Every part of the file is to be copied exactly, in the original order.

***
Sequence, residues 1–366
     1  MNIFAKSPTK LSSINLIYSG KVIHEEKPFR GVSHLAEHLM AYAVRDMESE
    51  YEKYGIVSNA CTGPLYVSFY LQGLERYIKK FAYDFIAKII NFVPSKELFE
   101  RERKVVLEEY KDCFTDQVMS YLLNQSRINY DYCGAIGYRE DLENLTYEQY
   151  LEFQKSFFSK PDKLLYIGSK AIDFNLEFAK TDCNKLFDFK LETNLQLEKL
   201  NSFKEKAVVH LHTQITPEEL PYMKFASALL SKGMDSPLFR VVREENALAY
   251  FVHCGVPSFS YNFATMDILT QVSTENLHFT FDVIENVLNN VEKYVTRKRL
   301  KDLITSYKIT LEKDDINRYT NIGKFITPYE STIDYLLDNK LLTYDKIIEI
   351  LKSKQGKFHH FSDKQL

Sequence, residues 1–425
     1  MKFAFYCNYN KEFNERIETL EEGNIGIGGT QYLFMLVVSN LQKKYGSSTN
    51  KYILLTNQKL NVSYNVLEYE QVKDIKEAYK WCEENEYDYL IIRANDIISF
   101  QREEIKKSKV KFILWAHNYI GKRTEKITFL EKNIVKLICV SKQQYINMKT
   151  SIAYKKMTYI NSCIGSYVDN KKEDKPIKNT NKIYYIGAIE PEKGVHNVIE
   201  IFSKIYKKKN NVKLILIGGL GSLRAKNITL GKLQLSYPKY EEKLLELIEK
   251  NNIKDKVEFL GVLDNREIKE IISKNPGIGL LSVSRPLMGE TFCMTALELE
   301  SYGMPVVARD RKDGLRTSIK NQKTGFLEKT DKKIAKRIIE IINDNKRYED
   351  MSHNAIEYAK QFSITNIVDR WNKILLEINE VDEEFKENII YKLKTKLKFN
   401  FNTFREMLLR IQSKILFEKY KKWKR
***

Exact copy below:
Sequence, residues 1–366
     1  MNIFAKSPTK LSSINLIYSG KVIHEEKPFR GVSHLAEHLM AYAVRDMESE
    51  YEKYGIVSNA CTGPLYVSFY LQGLERYIKK FAYDFIAKII NFVPSKELFE
   101  RERKVVLEEY KDCFTDQVMS YLLNQSRINY DYCGAIGYRE DLENLTYEQY
   151  LEFQKSFFSK PDKLLYIGSK AIDFNLEFAK TDCNKLFDFK LETNLQLEKL
   201  NSFKEKAVVH LHTQITPEEL PYMKFASALL SKGMDSPLFR VVREENALAY
   251  FVHCGVPSFS YNFATMDILT QVSTENLHFT FDVIENVLNN VEKYVTRKRL
   301  KDLITSYKIT LEKDDINRYT NIGKFITPYE STIDYLLDNK LLTYDKIIEI
   351  LKSKQGKFHH FSDKQL

Sequence, residues 1–425
     1  MKFAFYCNYN KEFNERIETL EEGNIGIGGT QYLFMLVVSN LQKKYGSSTN
    51  KYILLTNQKL NVSYNVLEYE QVKDIKEAYK WCEENEYDYL IIRANDIISF
   101  QREEIKKSKV KFILWAHNYI GKRTEKITFL EKNIVKLICV SKQQYINMKT
   151  SIAYKKMTYI NSCIGSYVDN KKEDKPIKNT NKIYYIGAIE PEKGVHNVIE
   201  IFSKIYKKKN NVKLILIGGL GSLRAKNITL GKLQLSYPKY EEKLLELIEK
   251  NNIKDKVEFL GVLDNREIKE IISKNPGIGL LSVSRPLMGE TFCMTALELE
   301  SYGMPVVARD RKDGLRTSIK NQKTGFLEKT DKKIAKRIIE IINDNKRYED
   351  MSHNAIEYAK QFSITNIVDR WNKILLEINE VDEEFKENII YKLKTKLKFN
   401  FNTFREMLLR IQSKILFEKY KKWKR